Chapter 3

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Dad went out early the next morning to buy some essentials from the twenty-four-hour grocery store up the hill. By the time I came downstairs, he and Mom were dunking gluten-free chocolate donuts into their coffee as they discussed going to see the restaurant.

"So, your father and I have been thinking about the name of the pizzeria," Mom said. "Dornzeria sounds like a pharmaceutical for allergies with a host of side effects."

Dad stuffed the last bits of donut into his mouth. "So, we were thinking... we might rename it Mazzeria, after our brilliant daughter."

I nearly spit out my coffee. "Are you serious? No way! If you do that, I'll emancipate myself."

Mom frowned. "But it's catchy. Your name goes so well with it. You have that Z in there!

"What if the restaurant folds?" I asked. "Then I'm stuck with my name on a failed business."

"You think we're going to fail?" Dad added a third donut to his plate. "We haven't even started and already you have us failing. You know what? I think you want us to. We really need to work through that vindictive streak of yours, honey. There are better ways to channel your anger. Becca, do you think we should get her a punching bag?"

"I don't... what?" Maybe not talking to them had been the right course of action. "Look, I just need you to think about this. You're good people. I've known you since I was a little baby."

"Thank you for noticing." Mom narrowed her eyes.

"You're a little snarky but I've learned to live with that. And no, I'm not saying the pizzeria is going to fail for sure. I'm just saying it's likely to. That's what businesses do. Besides, the people in town are used to its current name, and one of the reasons you chose to buy it is because you knew it already had customer loyalty. You don't want to lose any of that through a name change. Think about your branding! You'd have to spend more money redoing signs and menus."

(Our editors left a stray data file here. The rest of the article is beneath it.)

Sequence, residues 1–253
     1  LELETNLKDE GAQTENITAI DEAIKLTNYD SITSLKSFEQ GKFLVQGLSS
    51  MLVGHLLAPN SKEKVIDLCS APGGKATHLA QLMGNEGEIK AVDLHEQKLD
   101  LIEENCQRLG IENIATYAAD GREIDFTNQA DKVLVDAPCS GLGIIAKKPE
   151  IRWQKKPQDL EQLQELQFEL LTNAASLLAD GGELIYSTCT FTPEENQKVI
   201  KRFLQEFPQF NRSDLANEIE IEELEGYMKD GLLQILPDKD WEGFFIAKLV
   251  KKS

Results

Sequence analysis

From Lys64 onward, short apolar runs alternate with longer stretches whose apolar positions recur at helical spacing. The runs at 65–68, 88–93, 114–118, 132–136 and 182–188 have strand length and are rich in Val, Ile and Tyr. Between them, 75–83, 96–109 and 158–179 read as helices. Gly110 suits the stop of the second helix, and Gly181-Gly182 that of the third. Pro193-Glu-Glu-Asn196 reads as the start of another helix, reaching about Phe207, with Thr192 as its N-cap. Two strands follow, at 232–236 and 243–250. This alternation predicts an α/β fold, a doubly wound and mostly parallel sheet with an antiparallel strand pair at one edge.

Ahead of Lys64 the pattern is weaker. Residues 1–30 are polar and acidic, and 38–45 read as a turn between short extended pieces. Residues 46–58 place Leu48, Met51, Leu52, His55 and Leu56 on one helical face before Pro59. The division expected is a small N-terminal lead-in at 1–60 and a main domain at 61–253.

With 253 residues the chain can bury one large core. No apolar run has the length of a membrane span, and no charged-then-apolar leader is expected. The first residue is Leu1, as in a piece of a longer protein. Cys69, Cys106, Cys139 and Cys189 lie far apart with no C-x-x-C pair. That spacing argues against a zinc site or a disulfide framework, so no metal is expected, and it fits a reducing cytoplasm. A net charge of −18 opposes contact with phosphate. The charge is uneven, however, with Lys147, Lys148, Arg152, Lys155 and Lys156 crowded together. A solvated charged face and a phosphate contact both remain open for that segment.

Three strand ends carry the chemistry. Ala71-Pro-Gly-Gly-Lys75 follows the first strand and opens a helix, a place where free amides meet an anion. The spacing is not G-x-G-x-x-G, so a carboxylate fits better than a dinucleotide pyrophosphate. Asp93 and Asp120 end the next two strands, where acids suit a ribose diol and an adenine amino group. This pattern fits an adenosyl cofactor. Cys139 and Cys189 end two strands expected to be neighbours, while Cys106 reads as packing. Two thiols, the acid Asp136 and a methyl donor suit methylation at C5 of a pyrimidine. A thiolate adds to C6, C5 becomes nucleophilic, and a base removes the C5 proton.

"You have a point." Dad tapped his fingers against his coffee cup. "We'll take it under advisement."

"That's all I'm asking you to do." I wasn't overly hopeful they'd see my logic, but at least I'd spoken my truth. "By the way...did one of you turn my light off during the night? I fell asleep with it on and when I woke up this morning, it was off."

My mother looked to my father, who shrugged. Mom continued to squint at me. "Don't tell me you think a demon turned it off."

"Absolutely not! How irrational would I have to be to think that?" There was no point in telling them about last night. I wasn't going to be one of those people who tried to explain how much danger someone was in when that someone was a complete moron. They'd have to deal with the consequences of not taking me seriously when the priest was mopping up the exoplasmic goo. "I'm thinking maybe there's a short in its electrics or something. Is that possible?"

"Maybe," Dad cleared my plate. "Let us know if it happens again and I'll take a look."

"Will do." I would not be doing that. When I was nine, he'd electrocuted himself trying to wedge a broken piece of bagel out of the toaster with a metal knife. Keeping my dad away from anything involving circuitry was one of my biggest priorities.

I poured myself the dregs of coffee from the bottom of our French press and gulped it down while my parents scurried around me, trying to find their things amidst the half-unpacked mess that was our home.

"Honey," my father called from the study adjacent to the kitchen. "Is this yours?"

A white phone charger dangled from his hand.

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